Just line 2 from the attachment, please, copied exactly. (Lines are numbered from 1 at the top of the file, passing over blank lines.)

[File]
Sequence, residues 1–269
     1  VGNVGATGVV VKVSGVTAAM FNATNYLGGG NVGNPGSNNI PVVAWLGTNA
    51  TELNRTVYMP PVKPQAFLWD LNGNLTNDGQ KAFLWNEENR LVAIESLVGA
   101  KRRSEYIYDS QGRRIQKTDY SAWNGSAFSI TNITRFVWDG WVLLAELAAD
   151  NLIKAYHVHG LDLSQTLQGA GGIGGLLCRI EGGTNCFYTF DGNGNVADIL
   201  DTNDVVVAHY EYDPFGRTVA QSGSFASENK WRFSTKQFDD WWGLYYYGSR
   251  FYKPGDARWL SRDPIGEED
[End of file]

     1  VGNVGATGVV VKVSGVTAAM FNATNYLGGG NVGNPGSNNI PVVAWLGTNA